Nuance and Powerful Statements: A Review of Dimensions of Citizenship

A detail of "Thrival Geographies (In My Mind I See a Line)" by Amanda Williams and Andres L. Hernandez (MA 2004) in collaboration with Shani Crowe. Courtesy of Tom Harris via Curbed

Curbed reviewed the US Pavilion's exhibition, Dimensions of Citizenshipat the Venice Architectural Biennale calling it "a masterstroke."

Thrival Geographies (In My Mind I See a Line) by Associate Professor Andres Hernandez (MA 2004) and Amanda Williams, in collaboration with Shani Crowe is described as "a powerful statement of intent." Exhibition curator and Assistant Professor Ann Lui mentioned how Thrivial Geographies (In My Mind I See a Line) "points to the fact that there should be a pivot from just surviving to actually thriving." Jeanne Gang's (HON 2013) Stone Stories, made out of stones from the Mississippi River landing looks at the historical implications of citizenship and race, with its effort "to accentuate the diversity of stone types that exist in the landing, and in turn reflect the diversity of stories of the people who have walked and stood on it."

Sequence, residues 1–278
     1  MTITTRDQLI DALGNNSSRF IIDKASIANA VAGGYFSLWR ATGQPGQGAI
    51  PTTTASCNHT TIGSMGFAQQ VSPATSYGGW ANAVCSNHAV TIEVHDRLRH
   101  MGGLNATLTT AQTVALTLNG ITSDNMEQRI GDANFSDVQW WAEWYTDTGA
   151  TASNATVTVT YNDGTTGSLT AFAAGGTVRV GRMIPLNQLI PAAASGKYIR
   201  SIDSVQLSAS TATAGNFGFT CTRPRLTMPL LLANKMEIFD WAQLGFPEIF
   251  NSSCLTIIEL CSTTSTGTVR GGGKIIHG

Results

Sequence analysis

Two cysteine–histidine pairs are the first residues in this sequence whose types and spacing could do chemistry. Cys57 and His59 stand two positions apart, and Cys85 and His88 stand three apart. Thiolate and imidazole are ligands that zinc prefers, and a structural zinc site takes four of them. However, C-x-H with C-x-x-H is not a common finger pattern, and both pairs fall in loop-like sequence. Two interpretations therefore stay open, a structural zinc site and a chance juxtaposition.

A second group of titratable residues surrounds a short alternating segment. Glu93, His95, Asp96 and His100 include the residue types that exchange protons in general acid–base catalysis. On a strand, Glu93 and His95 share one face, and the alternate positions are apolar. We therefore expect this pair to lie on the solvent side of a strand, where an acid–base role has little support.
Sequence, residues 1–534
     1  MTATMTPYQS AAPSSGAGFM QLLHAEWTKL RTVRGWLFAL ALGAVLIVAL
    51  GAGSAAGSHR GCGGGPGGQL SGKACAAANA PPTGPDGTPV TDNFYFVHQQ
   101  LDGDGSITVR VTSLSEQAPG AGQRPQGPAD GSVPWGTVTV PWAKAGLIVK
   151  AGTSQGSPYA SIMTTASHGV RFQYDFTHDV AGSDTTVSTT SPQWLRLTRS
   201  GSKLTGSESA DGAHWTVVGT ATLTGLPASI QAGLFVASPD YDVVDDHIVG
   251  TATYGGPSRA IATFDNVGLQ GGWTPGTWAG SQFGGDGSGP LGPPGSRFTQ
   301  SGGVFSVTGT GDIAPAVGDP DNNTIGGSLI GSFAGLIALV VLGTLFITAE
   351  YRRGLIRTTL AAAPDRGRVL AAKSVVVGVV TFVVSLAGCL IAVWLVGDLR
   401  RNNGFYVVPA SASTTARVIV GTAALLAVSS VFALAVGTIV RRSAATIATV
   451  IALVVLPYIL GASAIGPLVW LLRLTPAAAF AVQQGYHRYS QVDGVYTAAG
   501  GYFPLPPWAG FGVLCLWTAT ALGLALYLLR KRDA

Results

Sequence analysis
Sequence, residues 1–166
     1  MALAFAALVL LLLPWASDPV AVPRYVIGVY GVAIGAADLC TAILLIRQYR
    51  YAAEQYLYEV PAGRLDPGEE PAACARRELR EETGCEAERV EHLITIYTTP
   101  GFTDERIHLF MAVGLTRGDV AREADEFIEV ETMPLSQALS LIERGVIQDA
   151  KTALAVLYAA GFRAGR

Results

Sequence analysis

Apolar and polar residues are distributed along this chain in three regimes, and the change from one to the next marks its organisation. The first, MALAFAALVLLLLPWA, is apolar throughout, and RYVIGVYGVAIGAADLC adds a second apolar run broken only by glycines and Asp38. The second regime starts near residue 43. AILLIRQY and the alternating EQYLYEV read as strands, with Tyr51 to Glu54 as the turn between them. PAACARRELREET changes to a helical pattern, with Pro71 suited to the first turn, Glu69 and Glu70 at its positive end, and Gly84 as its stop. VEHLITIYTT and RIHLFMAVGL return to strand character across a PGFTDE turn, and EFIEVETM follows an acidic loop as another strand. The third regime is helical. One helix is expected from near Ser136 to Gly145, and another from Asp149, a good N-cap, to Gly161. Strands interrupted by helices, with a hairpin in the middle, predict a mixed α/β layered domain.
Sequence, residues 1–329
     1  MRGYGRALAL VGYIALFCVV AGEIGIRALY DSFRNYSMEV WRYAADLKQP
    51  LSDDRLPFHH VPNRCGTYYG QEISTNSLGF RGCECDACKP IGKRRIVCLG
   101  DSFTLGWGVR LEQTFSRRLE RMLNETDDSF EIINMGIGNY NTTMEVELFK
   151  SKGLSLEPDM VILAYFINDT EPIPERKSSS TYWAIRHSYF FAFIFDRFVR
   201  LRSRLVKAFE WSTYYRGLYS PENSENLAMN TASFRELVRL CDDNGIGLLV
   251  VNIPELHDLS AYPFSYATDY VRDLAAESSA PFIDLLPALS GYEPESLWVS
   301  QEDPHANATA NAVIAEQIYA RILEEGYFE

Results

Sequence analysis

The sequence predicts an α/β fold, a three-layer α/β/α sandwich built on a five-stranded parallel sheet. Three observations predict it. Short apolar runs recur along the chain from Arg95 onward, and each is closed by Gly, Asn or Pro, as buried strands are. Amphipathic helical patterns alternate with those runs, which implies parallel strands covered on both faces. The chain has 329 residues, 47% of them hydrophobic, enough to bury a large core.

The review observes how the exhibition did not name the US President while addressing citizenship and "encompassed a level of nuance that not only greatly surpasses the rhetoric of the 'presidential tweets' mentioned in the exhibition’s introductory panel, but made them almost irrelevant."

 

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